Visit our celebrated collection of camellias in the 1804 camellia house at the Lyman Estate Greenhouses. Many of the trees are more than one hundred years old. At this time of year, they put forth a profusion of blossoms in all sizes and shapes.

from the Lyman Estate Greenhouses website
bougainvillea in bright pink

More color can be seen in the gallery greenhouses of Lyman Estate :: 2017.

Friday, January 13, 2017

up and down

Yesterday's record warmth was a gift; today the temperature started dropping for a few days of cold before jumping back into winter warmth again. It feels like we are on a roller coaster.

Yesterday's high was 61 degrees; today started in the 50s and dropped during the day. My walk this morning was accompanied by temperatures in the mid-40s. Luckily I'm pretty good at figuring out reasonable layers to support outdoor activity at different temperatures.

temperature forecast 1/13/2017 - 1/19/2017
chart courtesy of the Boston office of the National Weather Service

The weekend will be cold but it looks like there will be another warmup by mid-week.

Wednesday, January 11, 2017

winter warmth

The weather wizard brought us a real treat today, warm air! The rising temperature was accompanied by rain overnight; when I woke up this morning most of the snow was gone.

With temperatures in the low 50s it felt like a good day for a long (exercise) walk. By the time I returned home this afternoon my feet had covered just over eight miles.

hibiscus, at Magic Wings Butterfly Conservatory
a bit of color, from last week's butterfly conservatory visit

Monday, January 09, 2017


Yesterday's cold walk at the Parker River National Wildlife Refuge was accompanied by the calming sound of ocean waves.

waves, at the Parker River National Wildlife Refuge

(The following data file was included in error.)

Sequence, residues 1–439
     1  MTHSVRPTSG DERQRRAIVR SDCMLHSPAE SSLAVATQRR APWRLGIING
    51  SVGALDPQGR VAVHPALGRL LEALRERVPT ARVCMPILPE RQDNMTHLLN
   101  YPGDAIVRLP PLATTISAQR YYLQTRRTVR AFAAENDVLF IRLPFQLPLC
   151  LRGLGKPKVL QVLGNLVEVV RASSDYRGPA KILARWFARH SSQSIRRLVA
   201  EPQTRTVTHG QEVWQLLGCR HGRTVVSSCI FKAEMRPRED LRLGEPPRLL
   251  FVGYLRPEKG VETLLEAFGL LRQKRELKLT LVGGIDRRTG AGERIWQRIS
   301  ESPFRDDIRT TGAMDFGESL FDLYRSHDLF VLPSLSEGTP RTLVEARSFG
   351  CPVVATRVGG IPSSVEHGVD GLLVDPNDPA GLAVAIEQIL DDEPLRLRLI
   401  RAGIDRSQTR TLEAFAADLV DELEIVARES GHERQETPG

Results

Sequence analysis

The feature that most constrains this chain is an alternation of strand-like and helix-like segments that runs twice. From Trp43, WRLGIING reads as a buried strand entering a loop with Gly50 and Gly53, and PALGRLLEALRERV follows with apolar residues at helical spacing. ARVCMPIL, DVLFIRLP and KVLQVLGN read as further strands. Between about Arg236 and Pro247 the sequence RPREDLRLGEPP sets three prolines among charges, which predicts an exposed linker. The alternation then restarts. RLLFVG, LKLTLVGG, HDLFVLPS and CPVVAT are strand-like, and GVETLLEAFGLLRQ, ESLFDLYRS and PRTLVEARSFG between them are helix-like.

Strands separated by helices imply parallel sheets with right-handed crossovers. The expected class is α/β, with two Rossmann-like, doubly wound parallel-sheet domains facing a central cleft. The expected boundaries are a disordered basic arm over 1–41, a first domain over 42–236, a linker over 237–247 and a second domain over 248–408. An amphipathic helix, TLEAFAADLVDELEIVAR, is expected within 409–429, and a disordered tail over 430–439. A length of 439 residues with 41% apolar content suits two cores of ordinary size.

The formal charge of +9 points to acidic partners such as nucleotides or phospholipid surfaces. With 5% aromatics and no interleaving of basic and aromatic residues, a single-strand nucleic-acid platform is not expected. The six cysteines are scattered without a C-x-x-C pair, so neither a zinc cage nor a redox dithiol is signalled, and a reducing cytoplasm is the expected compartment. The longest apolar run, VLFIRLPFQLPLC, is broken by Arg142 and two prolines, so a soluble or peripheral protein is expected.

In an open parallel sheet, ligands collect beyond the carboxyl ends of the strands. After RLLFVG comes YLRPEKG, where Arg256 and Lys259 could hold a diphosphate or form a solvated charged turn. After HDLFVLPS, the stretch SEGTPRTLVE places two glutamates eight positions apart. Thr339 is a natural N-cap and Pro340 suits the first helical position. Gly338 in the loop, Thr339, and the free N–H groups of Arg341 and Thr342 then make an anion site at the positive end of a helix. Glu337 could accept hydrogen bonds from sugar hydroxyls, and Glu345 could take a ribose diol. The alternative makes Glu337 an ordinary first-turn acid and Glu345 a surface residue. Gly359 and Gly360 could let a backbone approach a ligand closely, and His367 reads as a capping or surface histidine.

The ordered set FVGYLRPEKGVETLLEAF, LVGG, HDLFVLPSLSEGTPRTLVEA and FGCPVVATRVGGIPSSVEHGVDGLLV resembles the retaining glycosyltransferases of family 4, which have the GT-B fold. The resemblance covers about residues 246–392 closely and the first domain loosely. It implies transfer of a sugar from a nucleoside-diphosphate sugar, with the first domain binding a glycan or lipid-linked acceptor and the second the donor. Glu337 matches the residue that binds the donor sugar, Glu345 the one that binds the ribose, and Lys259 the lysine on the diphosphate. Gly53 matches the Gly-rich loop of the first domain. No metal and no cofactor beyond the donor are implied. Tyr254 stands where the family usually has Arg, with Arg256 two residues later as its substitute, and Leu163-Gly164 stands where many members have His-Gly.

Sunday, January 08, 2017

blue sky

A bright blue sky highlighted the snow left behind by yesterday's storm. Snow on the ground here looked to total about 4 inches, much less than the coastal areas south of Boston where East Bridgewater had much higher totals. The winner was East Bridgewater with 19.5 inches of newly fallen snow.

I headed to the Parker River Wildlife Refuge earlier than usual this afternoon. I was scheduled to volunteer at the visitor center today; I wanted to walk on the beach first. The area close to the dunes were quite interesting with layers of snow, ice, and sand.

It was a chilly but good walk.

snow and sand on the beach at Parker River National Wildlife Refuge

Saturday, January 07, 2017


Until the middle of the week the long range forecast for today showed chilly air without precipitation. The forecast changed.

looking down a snowy road

Can you see the snow flying?

It is currently 19 degrees outside with snow and freezing fog. The snow started around noon; the forecast calls for it to taper off by around 1 AM. The current "Most Likely Snowfall" map on the National Weather Service site calls for a total snowfall (near my home) between 6 and 8 inches.

Weather like this makes me realize how lucky I am to live next to a small college. It gives me a very reasonable place to walk when roads are slippery and visibility is poor. I had a good exercise session this afternoon walking circles on the college campus.

snow-covered berries, a pop of red and white

Pinata apples

It's been a good season for new-to-me apples.